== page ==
One thing you cannot fault the British brute on is its build quality; although it’s based on a Lincoln LS, the R is covered in the most sumptuous of leathers. You don’t place yourself in the Jag’s seats, you slide gracefully into the R-imprinted cow skin. The interior itself is huge; I’ve never been in a car that could transport five people in a more luxurious and comfortable environment. I’ve even slept in the back seat…and that’s all that needs to be said about that. When the chips are on the table, you have to remember that some of the classic Jaguars of the 20th century were built to be the ultimate cruisers. The MkIX, XJ12 and even the original S-Type were first and foremost built for long-haul luxury motoring with the addition of engines that could blow away many sports cars from other manufacturers of the time. So my generation’s S-Type holds on to everything that is Jaguar, but brings with it the power war that was the 2000s.

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Quite the line-up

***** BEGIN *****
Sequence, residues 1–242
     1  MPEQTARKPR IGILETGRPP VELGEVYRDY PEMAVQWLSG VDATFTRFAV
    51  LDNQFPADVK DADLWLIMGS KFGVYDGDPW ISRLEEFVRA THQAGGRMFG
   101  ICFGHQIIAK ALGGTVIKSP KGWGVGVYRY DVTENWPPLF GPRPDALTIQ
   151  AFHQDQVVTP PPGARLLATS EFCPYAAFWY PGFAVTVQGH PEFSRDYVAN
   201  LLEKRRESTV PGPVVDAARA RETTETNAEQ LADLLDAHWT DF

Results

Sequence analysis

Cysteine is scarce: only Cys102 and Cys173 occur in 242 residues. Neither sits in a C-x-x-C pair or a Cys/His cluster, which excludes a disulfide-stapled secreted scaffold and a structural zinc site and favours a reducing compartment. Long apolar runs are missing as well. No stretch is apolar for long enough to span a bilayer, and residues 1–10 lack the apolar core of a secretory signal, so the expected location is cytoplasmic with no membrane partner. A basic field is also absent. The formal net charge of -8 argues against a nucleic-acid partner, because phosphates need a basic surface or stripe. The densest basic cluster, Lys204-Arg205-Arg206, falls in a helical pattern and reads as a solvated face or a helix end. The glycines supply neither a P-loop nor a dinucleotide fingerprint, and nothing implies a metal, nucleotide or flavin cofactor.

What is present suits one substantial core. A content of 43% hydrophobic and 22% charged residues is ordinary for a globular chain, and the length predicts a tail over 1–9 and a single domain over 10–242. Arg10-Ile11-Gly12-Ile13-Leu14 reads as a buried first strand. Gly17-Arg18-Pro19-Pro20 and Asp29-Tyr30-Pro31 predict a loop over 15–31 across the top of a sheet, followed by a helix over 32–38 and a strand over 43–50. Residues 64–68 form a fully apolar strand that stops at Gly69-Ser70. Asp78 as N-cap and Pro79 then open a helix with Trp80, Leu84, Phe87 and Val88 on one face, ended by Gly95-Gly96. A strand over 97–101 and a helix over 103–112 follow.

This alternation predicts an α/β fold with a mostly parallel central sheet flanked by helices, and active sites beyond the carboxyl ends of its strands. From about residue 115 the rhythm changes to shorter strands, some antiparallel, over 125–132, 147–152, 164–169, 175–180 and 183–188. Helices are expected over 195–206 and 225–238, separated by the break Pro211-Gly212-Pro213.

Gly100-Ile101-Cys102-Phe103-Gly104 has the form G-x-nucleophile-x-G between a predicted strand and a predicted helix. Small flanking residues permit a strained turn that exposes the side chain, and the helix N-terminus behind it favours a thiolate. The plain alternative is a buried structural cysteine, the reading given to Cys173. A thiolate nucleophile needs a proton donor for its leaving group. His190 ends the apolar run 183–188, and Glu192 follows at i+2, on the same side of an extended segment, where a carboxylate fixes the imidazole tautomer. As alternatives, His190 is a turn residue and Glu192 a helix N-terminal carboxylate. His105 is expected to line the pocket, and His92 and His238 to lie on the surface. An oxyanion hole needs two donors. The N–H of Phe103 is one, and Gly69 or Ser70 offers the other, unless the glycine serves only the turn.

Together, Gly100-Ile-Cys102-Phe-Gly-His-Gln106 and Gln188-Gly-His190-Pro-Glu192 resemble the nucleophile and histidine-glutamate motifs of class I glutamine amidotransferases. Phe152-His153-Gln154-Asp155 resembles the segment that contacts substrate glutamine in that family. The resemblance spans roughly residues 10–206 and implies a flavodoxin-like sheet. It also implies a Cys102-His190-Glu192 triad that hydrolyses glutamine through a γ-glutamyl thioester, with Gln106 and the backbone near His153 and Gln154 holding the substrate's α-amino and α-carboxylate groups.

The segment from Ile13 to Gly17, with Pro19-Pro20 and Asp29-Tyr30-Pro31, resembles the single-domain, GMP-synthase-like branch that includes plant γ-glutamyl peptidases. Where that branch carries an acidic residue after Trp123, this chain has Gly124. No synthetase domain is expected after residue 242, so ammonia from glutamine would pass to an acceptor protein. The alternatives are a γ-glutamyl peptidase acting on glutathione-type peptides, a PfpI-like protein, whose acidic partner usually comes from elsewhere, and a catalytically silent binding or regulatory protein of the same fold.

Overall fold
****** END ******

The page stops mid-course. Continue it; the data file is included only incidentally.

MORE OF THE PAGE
Mallaig had been a near car-killer for me last year, putting my poor Alfa Romeo GTV in the dumps with a pothole-provoked puncture. But the Jag seems indestructible, a Tiger tank of a thing. The enormous 20-inch wheels fill the arches and when in all-black, it looks like the window might just roll down to expose a couple of Tommy guns. My editor at Car Throttle has said some very mean things about the S-Type’s design, and I can understand why people have a true hatred for the gawping-mouthed car. But it works for me. It’s like that girl at school that wasn’t classically pretty in the slightest but for some reason you had a little thing for, just because.